Buenos Aires — New York’s Southern District Judge Loretta Preska ruled Friday that Argentina will have to pay Burford Capital almost $16 billion as compensation for the wrongful expropriation of the country’s largest oil and gas company, YPF, in 2012. This decision comes after several months of discussions and negotiation between the litigating parties.
Preska had ruled March 31 that Argentina carried out the nationalization of a majority stake in YPF without following the company’s own statutes, which stated that minority shareholders should be treated on equal terms. The Cristina Fernández de Kirchner administration explicitly recognized not having followed those rules, Preska said, reiterating that 49% of shareholders did not receive an offer for their stake in the company.
“The Court finds that the Republic exercised indirect control over Repsol’s shares on April 16, 2012”, she wrote, adding that “Mr. Kicillof brazenly declared that it would be “stupid” to comply with “the law of YPF itself” or “respect its bylaws,” in a reference to former Economy Minister and current Buenos Aires province Governor, Axel Kicillof.
After eight years of litigation, Preska has determined that the Argentine sovereign —and not the company— should pay for the compensation, after arguing that the plaintiffs were entitled to payout on grounds of breach of contract.
Burford Capital acquired the rights to litigate against Argentina from former YPF shareholder Grupo Petersen, owned by the Eskenazi family, in 2015. Burford paid 15 million euros for those rights, in a transaction that was part of Petersen’s bankruptcy proceedings in Spain.
Grupo Petersen, for its part, had agreed to buy as much as 25% of YPF’s total shares from YPF in 2007. The first transaction was carried out that year, by which Petersen acquired 14.9% of total shares at a valuation of US$2.235 billion.
In December 2007, YPF was valued at US$15 billion. Today, as per its market cap on the New York Stock Exchange, it is worth US$11.3 billion.
Response from the Argentine Government
Presidential spokesperson Gabriela Cerruti stated via Twitter that “the Argentine government will immediately appeal Judge Loretta Preska’s ruling,” adding that President Alberto Fernández has already “discussed the matter with the Treasury Solicitor”.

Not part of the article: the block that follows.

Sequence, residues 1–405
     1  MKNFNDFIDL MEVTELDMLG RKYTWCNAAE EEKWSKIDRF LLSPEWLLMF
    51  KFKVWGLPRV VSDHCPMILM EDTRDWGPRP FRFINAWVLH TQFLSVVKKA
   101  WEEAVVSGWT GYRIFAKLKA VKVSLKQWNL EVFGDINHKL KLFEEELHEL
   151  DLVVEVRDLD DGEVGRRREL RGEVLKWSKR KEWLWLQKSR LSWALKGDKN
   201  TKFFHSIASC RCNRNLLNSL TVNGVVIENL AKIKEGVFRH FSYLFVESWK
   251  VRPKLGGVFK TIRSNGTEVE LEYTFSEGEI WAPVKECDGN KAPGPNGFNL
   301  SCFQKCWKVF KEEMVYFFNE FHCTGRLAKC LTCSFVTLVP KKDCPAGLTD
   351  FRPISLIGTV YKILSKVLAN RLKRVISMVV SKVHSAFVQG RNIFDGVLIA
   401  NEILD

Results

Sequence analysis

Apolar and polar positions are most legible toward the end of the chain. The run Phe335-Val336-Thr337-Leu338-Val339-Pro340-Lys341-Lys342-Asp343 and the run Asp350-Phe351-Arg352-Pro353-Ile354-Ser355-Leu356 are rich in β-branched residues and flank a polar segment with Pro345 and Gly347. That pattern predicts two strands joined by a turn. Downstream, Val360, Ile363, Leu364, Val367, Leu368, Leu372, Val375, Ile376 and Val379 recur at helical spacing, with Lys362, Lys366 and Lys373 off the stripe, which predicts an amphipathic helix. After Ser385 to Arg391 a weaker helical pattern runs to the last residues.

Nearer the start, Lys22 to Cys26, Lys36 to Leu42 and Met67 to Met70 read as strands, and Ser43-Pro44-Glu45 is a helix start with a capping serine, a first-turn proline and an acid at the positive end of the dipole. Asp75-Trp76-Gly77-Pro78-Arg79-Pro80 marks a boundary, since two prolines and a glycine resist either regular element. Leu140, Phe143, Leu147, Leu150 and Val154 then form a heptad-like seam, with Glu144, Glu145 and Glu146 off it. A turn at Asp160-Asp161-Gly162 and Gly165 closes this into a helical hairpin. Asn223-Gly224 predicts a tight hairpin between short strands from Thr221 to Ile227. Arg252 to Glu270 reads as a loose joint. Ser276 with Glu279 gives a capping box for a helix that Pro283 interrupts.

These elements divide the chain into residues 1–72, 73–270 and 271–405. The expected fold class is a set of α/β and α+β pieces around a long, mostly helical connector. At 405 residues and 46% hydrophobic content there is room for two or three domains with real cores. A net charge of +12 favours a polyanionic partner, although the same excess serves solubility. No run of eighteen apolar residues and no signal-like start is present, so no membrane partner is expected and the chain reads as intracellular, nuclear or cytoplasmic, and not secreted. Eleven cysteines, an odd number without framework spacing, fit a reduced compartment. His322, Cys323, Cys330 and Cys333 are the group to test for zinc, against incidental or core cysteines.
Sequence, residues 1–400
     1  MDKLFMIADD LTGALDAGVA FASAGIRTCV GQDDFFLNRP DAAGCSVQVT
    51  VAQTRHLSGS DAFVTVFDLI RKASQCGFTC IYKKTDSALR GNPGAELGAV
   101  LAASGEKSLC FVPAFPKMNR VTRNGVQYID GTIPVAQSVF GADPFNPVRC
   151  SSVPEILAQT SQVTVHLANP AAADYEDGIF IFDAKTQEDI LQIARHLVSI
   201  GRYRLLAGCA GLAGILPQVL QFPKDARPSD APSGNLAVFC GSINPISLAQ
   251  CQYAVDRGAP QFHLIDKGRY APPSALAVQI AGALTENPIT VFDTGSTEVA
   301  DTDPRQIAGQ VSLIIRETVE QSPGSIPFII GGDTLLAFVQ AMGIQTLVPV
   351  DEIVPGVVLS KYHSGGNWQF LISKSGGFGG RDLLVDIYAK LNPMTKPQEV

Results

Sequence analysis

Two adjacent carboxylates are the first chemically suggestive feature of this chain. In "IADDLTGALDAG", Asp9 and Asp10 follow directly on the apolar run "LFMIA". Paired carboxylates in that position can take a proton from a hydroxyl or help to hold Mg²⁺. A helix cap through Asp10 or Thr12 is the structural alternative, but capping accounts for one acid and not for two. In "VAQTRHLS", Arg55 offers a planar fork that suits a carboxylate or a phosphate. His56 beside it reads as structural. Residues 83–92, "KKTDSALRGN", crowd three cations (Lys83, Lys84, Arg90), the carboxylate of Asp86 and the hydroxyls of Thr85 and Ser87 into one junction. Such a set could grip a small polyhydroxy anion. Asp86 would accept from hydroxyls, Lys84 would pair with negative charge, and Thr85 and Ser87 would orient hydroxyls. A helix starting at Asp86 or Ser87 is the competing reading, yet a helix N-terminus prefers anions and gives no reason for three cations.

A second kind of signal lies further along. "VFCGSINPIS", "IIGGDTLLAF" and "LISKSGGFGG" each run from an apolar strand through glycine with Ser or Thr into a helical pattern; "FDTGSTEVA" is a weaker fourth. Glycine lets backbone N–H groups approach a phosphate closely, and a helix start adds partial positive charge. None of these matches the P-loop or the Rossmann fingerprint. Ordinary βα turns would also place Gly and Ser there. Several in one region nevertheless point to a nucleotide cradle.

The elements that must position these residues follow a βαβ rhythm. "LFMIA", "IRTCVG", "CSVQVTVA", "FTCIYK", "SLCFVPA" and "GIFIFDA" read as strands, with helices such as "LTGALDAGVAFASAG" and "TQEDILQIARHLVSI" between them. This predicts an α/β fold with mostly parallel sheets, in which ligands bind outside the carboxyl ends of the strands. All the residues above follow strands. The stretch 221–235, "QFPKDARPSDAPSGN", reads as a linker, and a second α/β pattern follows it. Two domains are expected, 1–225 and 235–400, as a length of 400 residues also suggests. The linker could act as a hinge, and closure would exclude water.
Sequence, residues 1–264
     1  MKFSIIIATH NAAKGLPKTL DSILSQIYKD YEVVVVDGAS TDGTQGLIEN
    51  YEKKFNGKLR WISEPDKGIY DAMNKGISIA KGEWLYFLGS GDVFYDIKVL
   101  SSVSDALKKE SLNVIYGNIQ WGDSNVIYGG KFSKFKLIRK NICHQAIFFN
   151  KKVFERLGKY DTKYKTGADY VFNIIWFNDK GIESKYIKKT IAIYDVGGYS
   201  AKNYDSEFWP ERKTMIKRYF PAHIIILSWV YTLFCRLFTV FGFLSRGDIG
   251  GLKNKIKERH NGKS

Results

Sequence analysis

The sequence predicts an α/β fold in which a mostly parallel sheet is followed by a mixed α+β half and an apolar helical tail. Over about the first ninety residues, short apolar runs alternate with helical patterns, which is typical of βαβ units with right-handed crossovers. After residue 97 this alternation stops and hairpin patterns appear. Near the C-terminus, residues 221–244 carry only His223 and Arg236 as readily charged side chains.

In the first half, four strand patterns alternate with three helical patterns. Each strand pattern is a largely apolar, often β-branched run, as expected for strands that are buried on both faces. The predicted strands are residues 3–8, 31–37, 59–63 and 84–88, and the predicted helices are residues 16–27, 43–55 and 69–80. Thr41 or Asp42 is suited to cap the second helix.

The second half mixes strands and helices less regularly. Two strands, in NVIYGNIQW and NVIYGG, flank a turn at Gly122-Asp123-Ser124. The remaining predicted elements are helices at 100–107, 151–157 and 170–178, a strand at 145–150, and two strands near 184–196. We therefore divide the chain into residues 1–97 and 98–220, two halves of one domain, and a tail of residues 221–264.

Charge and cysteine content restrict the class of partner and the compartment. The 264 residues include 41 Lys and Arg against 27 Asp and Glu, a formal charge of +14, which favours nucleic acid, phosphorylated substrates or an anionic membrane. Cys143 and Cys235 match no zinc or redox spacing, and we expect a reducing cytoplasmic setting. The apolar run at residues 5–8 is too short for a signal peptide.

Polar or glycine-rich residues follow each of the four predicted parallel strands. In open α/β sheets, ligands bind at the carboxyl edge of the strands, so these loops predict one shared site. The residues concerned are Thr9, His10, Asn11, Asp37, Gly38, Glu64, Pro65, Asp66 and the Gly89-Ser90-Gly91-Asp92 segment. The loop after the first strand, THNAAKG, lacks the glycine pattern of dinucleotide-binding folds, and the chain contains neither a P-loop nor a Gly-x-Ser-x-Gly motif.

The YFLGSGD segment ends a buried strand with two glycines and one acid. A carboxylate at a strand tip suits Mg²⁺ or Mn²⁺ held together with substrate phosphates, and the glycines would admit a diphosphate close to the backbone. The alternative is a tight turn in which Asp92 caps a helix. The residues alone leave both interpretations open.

She added that the Fernández administration will continue to defend “energy sovereignty and our state-owned company YPF against vulture funds.”
Business Community Reacts
Also via Twitter, Marcos Galperin, the CEO of Argentina’s largest company by market capitalization, MercadoLibre, slammed the government for having been “authoritarian and irresponsible” in having decided to expropriate YPF as it did.
When Was YPF Expropriated?
In 2012, the Argentine government expropriated 51% of YPF’s shares, which belonged to the Spanish company Repsol.
The decision was made by the then-president, Cristina Fernández de Kirchner, who claimed her objective was for the state to control the company, so as to ensure the country’s energy self-sufficiency, ending a reliance on imports that began during the administration of her husband, Néstor Kirchner.
The expropriation was carried out by declaring YPF a company of public utility subject to expropriation. The operation was not without controversy and generated a diplomatic crisis between Argentina and Spain, as the Spanish government considered this action an attack on its interests.
On the other hand, the Argentine government argued that Repsol had not invested enough in YPF and had not fulfilled its commitments to increase production. As part of the expropriation, Argentina compensated Repsol at the time with US$5 billion.